Dietician debunks outdated myths about plant-based diets

by Shauna Schultz, RD

Plant-based diets are gaining momentum for good reason: they’re easy on the environment, kind to animals, and help prevent and manage chronic disease.

According to the most recent survey performed through the Vegetarian Resource Group, five percent of Americans (16 million) are vegetarian and half of those identify themselves as vegan. This number has nearly doubled since their last poll, taken in 2009, when 33 percent said that they are eating vegetarian and vegan meals more often.

Plant-based diets and meals have also been identified as one of the most popular diet trends of 2016. Yet even with their increased popularity, myths persist regarding their nutritional adequacy — or inadequacy. Here are five common concerns and how you can meet your needs through whole, plant-based foods.

How do I get enough protein?

Gone are the days of thinking you must combine proteins to make “complete” proteins. Simply eating an adequate variety of protein-rich plant foods throughout the day will ensure that you meet your needs. Protein is abundant in plant foods and most people are surprised to learn they are getting much more protein than they need. A 150-pound person needs 61 grams/day. This is equivalent to one cup of cooked oatmeal, one cup of soymilk, one cup of lentils, three ounces of tempeh, and two tablespoons of peanut butter. Be sure to include at least three servings of legumes (beans, peas, lentils, soy, peanuts) as part of your daily protein to ensure that you receive an adequate amount of lysine.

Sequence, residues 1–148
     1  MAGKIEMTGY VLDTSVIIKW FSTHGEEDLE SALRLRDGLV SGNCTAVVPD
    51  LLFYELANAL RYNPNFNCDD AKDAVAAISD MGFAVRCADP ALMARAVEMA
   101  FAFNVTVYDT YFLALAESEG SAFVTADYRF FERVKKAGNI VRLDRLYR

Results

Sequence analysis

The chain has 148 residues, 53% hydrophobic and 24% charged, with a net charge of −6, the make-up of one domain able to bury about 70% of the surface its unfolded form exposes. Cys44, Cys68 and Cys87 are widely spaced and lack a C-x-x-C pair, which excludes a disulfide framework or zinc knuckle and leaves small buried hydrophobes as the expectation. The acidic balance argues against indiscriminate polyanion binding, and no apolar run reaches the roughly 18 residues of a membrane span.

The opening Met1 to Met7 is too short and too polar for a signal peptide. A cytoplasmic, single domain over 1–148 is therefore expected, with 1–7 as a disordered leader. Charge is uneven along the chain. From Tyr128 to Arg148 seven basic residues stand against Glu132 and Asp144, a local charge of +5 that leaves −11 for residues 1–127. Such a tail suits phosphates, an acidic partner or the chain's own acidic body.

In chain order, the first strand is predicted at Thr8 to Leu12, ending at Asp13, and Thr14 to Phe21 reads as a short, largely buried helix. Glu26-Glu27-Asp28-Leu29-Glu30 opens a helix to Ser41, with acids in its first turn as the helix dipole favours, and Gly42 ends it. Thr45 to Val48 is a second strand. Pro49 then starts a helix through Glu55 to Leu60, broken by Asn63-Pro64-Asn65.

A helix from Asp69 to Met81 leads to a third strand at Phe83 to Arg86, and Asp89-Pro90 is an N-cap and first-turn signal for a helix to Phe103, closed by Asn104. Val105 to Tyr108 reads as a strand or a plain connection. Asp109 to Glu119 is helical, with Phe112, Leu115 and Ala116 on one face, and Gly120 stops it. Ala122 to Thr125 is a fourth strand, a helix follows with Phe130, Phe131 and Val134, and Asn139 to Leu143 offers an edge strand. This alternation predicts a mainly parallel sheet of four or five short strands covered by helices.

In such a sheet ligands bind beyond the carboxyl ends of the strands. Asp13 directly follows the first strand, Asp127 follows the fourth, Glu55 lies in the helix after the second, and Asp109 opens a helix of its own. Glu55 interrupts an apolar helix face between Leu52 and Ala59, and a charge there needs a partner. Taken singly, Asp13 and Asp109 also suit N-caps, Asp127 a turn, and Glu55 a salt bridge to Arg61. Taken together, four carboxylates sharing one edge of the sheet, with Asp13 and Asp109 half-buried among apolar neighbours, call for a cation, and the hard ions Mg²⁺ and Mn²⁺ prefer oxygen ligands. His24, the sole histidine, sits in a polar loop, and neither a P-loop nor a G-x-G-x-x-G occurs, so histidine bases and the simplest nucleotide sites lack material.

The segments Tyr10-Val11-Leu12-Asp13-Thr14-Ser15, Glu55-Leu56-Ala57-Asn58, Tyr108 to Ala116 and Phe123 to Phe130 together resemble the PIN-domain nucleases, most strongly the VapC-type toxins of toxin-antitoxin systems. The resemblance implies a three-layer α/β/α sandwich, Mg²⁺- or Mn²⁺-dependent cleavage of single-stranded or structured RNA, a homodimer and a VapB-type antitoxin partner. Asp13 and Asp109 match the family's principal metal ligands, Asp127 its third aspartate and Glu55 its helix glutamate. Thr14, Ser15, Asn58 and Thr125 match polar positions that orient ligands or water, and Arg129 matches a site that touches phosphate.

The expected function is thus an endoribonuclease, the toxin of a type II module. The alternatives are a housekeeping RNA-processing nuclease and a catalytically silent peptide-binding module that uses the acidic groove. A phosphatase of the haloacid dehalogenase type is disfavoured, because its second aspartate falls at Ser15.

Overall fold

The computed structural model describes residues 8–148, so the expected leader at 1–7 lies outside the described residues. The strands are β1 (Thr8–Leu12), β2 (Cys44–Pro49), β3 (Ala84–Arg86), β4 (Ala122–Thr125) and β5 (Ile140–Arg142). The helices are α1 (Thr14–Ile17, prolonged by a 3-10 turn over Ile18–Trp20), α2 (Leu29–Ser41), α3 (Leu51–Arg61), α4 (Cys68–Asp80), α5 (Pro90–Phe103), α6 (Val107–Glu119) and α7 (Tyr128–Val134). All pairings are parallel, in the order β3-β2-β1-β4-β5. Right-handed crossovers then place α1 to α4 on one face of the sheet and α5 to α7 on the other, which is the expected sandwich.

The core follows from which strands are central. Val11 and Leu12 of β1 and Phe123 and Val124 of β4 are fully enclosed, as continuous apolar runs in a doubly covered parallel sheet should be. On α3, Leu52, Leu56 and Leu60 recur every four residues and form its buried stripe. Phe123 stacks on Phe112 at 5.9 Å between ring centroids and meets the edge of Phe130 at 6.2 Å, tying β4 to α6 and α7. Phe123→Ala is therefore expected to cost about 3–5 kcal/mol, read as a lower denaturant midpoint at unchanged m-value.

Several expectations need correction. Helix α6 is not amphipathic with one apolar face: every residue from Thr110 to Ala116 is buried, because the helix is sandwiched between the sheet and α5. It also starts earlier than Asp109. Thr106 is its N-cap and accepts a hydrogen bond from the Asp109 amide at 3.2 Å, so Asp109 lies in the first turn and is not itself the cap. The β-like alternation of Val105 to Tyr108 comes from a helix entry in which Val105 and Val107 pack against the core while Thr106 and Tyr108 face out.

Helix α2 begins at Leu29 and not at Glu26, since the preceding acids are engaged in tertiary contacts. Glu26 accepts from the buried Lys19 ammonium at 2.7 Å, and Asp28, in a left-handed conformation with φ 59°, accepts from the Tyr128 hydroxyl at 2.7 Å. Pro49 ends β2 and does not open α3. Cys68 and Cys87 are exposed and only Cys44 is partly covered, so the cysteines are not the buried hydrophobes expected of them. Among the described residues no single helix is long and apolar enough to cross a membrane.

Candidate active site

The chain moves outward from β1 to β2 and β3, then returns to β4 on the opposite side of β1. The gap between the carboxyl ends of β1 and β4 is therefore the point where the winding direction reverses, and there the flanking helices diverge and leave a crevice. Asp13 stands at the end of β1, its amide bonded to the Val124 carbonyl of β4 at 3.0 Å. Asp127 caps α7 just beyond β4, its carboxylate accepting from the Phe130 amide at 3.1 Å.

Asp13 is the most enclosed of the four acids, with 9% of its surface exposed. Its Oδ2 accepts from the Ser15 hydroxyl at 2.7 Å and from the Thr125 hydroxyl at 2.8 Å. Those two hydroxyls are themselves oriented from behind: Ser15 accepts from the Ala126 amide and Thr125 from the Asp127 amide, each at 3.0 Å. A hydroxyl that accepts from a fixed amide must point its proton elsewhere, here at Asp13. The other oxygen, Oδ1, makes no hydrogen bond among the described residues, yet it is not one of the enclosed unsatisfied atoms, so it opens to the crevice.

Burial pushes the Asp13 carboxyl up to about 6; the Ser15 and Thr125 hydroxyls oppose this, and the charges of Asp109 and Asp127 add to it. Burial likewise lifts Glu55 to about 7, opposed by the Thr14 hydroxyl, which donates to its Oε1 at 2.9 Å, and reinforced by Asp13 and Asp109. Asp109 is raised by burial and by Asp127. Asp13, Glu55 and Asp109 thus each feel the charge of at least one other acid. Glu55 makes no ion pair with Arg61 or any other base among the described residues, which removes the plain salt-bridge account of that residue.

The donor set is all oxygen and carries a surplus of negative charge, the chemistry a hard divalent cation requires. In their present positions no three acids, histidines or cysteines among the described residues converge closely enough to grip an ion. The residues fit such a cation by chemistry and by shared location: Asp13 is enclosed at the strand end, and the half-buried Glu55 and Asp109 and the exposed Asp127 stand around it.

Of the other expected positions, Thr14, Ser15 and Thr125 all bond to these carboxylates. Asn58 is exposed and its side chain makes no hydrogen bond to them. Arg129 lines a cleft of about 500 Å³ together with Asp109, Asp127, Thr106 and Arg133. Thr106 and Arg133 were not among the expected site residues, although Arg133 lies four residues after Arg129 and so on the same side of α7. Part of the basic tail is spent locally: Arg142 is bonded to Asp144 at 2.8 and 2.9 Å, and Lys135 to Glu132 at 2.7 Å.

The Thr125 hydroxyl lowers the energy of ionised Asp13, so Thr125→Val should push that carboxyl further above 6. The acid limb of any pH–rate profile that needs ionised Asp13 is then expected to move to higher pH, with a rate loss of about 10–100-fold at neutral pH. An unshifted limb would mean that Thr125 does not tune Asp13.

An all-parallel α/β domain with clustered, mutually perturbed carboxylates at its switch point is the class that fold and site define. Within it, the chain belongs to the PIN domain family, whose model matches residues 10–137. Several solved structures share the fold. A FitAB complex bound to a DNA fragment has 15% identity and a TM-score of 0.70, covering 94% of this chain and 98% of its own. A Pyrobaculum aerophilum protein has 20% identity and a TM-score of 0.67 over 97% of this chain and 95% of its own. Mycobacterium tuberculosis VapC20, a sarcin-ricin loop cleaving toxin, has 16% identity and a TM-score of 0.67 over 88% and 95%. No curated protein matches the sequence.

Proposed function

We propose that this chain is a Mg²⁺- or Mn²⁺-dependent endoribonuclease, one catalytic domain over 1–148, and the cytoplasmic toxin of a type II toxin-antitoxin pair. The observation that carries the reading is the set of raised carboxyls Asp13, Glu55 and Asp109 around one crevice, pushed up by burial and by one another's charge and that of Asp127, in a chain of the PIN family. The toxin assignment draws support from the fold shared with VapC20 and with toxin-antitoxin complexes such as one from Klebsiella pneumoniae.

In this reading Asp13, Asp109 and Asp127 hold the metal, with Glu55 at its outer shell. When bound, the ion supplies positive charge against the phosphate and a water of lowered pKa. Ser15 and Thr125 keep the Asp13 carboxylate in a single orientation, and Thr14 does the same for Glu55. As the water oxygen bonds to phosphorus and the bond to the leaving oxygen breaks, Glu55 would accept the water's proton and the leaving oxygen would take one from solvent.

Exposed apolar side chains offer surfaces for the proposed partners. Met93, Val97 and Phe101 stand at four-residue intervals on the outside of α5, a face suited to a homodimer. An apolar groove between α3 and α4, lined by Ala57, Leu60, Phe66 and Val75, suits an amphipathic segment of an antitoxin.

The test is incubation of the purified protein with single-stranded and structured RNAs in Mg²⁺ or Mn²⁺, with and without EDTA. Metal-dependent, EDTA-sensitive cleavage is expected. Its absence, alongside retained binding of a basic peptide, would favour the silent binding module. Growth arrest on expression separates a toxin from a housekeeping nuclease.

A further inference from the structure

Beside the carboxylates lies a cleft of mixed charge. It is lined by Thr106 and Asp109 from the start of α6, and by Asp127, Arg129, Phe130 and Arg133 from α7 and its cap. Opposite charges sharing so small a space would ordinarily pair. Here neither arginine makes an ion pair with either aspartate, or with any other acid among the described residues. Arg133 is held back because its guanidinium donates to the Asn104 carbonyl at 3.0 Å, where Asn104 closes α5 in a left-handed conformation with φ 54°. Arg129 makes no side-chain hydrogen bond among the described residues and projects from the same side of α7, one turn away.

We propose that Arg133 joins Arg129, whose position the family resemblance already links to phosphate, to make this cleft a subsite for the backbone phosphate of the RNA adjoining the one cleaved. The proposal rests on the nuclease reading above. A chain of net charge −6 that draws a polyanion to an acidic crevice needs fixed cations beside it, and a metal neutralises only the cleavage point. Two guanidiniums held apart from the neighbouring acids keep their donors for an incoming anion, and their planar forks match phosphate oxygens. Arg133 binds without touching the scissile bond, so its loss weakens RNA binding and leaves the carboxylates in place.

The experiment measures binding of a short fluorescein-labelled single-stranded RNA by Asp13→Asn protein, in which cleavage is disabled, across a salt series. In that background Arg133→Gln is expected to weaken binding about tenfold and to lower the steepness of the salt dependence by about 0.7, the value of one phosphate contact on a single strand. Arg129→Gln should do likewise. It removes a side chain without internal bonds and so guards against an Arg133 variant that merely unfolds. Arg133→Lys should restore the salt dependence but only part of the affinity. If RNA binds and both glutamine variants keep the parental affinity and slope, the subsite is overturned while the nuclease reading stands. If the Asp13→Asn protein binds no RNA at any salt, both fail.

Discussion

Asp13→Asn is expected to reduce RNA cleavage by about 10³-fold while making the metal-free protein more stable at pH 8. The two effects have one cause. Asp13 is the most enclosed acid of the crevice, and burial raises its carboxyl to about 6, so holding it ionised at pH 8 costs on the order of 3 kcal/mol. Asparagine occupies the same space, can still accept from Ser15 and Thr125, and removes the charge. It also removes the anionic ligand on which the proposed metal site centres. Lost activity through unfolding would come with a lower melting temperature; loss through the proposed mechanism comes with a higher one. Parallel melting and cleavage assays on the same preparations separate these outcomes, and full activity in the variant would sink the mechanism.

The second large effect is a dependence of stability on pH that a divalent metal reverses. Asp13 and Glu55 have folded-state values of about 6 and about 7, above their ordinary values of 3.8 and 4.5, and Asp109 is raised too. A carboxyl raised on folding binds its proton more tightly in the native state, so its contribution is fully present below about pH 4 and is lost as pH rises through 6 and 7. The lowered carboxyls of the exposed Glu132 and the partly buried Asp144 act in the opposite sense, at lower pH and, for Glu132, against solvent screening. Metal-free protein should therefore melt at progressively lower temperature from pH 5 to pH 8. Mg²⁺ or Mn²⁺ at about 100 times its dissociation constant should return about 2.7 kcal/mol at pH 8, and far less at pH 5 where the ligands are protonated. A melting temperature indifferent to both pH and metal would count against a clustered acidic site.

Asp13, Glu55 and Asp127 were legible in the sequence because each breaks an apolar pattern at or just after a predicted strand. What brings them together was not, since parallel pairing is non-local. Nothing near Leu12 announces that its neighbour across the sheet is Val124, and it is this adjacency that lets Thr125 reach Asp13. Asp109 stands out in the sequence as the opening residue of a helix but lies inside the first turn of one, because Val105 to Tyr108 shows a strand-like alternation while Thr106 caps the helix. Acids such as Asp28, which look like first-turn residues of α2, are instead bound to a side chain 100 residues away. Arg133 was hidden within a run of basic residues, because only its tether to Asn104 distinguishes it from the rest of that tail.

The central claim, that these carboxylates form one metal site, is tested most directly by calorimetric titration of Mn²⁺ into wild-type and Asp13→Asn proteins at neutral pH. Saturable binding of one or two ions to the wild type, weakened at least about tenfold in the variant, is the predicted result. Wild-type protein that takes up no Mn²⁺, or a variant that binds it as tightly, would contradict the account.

But plants don’t give me enough calcium!

Dairy isn’t the only source of calcium; in fact, plants provide plenty of calcium and promote good bone health overall. Plant-based milks provide a convenient 300 mg or more per cup and plenty of whole foods provide calcium as well. You’ll find 179 mg in one cup of cooked kale, 111 mg in two tablespoons of almond butter, 88 mg in one tablespoon of unhulled sesame seeds, 126 mg in one cup of navy beans, and 200 to 400 mg in four ounces of calcium-set tofu.

Shouldn’t I worry about iron?

Iron deficiency isn’t more common among vegans and vegetarians than among non-vegetarians. However, the Dietary Reference Intake is set almost two times higher for vegetarians and vegans because the iron in plant foods isn’t as readily absorbed.

Don’t let this deter you though. Iron is readily found in plants, and consuming vitamin C-rich foods at the same time can enhance the absorption of iron by up to four times. Sprouting and fermenting also increase its bioavailability. Excellent sources of iron include pumpkin seeds (5.2 mg per ¼ cup), chickpeas (4.7 mg per 1 cup), blackstrap molasses (3.6 mg per 1 tablespoon), and fortified cereal (to 18 mg per serving).

What about heart-healthy Omega-3’s?

An adequate intake is easy with concentrated sources of Omega-3’s like chia seeds (4 grams per 2 tablespoons), ground flaxseeds (3.2 grams per 2 tablespoons), hempseeds (1.7 g per 2 tablespoons) and walnuts (2.6 grams per ¼ cup). Add them to smoothies, cereals, muffins, or salads. Vegan supplements with DHA and EPA are also available.

Plant-based eating is too expensive!

Any type of eating plan can be expensive. Pound for pound, plant proteins are far less expensive than animal protein and provide more nutrient density.

Beyond protein, there are many ways to save, such as buying local and in season; meal planning and cooking at home; buying dry beans, grains, and oats in bulk; reducing the use of convenience and processed foods; and growing your own food.

As a dietitian, my goal is to help people increase the number of plant-based meals in their diet. This is one eating style that anyone can implement in some form and reap the benefits. The Academy of Nutrition and Dietetics position paper deems vegetarian and vegan diets appropriate for all stages of life. Just keep it whole — choose whole plant foods and skip the vegan junk foods.

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